Guyana has a forest cover of approximately 18.4 million hectares (86%), with over 60% of forested land undisturbed by human population. Historically low levels of deforestation place Guyana in a unique position to actively address climate change and conservation through participation in REDD+. Recognizing this unique position, the government has already made great strides in committing to the implementation of a Low Carbon Development Strategy (LCDS), aimed at promoting economic development while also fighting climate change. Currently, financing for the LCDS is largely supported by the 2009 Memorandum of Understanding (MoU) signed with Norway for performance-based payments for avoided deforestation within the framework of REDD+. Guyana is also a participant within World Bank’s Forest Carbon Partnership Facility (FCPF), having submitted its Readiness Preparation Proposal (R-PP) in June of 2009.
Guyana’s REDD+ financing landscape is set out below:
Multilateral Institutions account for approximately 58% of the total amount of REDD+ funding committed to Guyana. This entire amount (US$ 11.6 million) was allocated to the Guyanese government, including the Office of Climate Change (OCC), the Project Management Office (PMO), and the Guyana Forestry Commission (GFC).
Financial flows from donor government agencies represent around 22% (US$4.5 million) of the total REDD+ finance committed in Guyana. These funds have been allocated to a diverse group of recipients, including the Government of Guyana, multilateral implementing agencies, and both international and in-country NGOs and academic institutions.
Acting as donors, Guyanese NGOs and academic institutions contributed funds to the government of Guyana, as well as a single consultant (for studies related to MRVs).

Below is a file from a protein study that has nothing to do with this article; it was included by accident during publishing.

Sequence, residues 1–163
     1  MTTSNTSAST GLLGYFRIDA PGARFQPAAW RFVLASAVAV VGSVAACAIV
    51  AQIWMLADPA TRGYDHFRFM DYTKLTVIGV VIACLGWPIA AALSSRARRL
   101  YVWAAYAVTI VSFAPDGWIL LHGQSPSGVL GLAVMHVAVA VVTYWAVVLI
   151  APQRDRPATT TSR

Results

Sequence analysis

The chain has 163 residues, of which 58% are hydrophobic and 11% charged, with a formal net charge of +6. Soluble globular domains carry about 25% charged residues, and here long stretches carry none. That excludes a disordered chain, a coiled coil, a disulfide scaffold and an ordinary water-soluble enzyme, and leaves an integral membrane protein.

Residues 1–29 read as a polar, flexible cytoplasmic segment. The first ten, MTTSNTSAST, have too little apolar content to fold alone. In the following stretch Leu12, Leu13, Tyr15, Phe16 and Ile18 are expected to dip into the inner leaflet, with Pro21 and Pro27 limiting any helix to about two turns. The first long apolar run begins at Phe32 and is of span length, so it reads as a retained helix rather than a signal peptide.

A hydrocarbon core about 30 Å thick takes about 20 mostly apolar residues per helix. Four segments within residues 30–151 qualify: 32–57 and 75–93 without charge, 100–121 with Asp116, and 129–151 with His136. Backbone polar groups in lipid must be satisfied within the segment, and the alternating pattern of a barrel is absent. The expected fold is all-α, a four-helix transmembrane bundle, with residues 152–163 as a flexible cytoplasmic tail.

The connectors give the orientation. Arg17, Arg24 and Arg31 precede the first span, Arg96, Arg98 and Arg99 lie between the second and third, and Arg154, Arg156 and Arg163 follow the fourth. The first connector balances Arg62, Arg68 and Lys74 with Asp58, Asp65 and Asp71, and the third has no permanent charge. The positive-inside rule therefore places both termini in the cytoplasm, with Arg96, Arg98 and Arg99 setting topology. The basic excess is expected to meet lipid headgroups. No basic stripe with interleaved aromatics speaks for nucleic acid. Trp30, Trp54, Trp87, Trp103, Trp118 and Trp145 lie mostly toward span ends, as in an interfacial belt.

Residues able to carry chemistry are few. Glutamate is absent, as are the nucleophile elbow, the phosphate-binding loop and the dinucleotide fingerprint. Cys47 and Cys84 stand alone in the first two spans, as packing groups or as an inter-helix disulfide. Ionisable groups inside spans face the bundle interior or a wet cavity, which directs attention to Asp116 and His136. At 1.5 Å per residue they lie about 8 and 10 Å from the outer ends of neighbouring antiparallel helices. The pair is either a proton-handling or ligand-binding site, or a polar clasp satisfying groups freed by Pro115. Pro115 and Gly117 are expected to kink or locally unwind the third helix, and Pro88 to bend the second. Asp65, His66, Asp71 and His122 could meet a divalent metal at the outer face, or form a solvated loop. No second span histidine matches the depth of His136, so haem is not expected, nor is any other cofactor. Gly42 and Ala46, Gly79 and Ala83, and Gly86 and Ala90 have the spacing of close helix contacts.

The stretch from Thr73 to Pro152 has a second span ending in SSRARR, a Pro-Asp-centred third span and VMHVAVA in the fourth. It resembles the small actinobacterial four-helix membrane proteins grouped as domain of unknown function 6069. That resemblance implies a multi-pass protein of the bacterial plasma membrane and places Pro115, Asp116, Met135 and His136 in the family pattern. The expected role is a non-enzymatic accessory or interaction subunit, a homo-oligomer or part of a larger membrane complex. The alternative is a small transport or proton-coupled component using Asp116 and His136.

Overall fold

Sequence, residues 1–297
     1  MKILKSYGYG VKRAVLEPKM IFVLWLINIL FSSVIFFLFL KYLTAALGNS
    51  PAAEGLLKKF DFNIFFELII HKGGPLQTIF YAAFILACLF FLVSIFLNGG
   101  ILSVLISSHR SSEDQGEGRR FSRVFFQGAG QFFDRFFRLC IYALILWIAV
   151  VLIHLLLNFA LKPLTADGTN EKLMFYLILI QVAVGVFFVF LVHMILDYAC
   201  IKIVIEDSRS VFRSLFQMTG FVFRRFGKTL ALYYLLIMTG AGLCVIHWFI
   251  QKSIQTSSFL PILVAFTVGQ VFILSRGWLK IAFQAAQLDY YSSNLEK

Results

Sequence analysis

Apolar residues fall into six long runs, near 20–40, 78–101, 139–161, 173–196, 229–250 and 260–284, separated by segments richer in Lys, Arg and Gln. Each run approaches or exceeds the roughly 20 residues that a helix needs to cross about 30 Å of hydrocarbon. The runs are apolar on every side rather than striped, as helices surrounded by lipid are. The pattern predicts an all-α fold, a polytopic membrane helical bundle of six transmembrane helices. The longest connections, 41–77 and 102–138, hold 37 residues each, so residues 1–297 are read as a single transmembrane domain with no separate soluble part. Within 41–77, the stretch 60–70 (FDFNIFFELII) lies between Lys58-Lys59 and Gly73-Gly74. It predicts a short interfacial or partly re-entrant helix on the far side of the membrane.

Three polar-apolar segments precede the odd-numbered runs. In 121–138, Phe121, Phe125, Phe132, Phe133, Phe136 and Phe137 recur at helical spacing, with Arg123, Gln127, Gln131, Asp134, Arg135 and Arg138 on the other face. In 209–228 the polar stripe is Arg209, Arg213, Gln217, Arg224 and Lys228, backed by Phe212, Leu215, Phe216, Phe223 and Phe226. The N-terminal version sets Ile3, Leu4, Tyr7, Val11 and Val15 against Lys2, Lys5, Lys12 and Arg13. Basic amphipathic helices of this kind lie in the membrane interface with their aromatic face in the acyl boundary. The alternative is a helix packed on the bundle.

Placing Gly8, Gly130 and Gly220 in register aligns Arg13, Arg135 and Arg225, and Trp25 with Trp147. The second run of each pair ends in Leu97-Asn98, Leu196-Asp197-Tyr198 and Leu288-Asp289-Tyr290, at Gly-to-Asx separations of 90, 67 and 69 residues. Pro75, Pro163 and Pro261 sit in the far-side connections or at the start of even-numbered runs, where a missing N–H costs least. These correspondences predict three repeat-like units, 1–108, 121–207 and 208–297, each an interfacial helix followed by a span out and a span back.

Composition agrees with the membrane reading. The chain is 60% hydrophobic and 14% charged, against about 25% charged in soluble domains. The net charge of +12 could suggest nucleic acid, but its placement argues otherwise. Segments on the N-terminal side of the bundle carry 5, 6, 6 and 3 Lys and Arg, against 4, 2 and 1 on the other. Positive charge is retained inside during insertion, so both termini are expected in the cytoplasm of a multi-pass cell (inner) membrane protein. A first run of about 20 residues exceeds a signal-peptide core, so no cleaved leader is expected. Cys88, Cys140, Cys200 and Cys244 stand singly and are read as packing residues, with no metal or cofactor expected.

Supranational institutions committed approximately US$2 million to institutional implementing agents.
An overview of the REDD+ financing landscape in Guyana shows that multilateral institutions are primary contributors, with a vast majority of these funds coming from the IDB. Other larger donors include the European Union (EU) and the government of the Netherlands, each contributing approximately 10% of the overall total funds committed to Guyana. These funds are scheduled to be received by United Nations Development Programme (UNDP) and the Guyana Forestry Commission (GCF).
Local NGOs contributed funding to the country as well, with WWF – Guyana committing a small amount (US$20,000) to a local consultant to conduct MRV work as part of his dissertation and CI – Guyana committing a larger amount (approximately US$2.1 million) to the GCF. In general, NGOs do not donate funds to local governments; however, CI – Guyana has formed a partnership with the GCF to support the development of Guyana’s national MRV system and asses historical forest area changes.
In 2009, Guyana received a single commitment of US$3.8 million from the FCPF, which has yet to be disbursed. Commitments increased substantially, in both 2010 and then again in 2012, reaching a total of .1 million. Disbursements increased slowly but steadily over this period, with only 10% of the total committed funds disbursed by the end of 2012.
The data presented below highlights levels of REDD+ financing committed and disbursed, main donors, recipients and REDD+ activities in the period between 2009 and 2012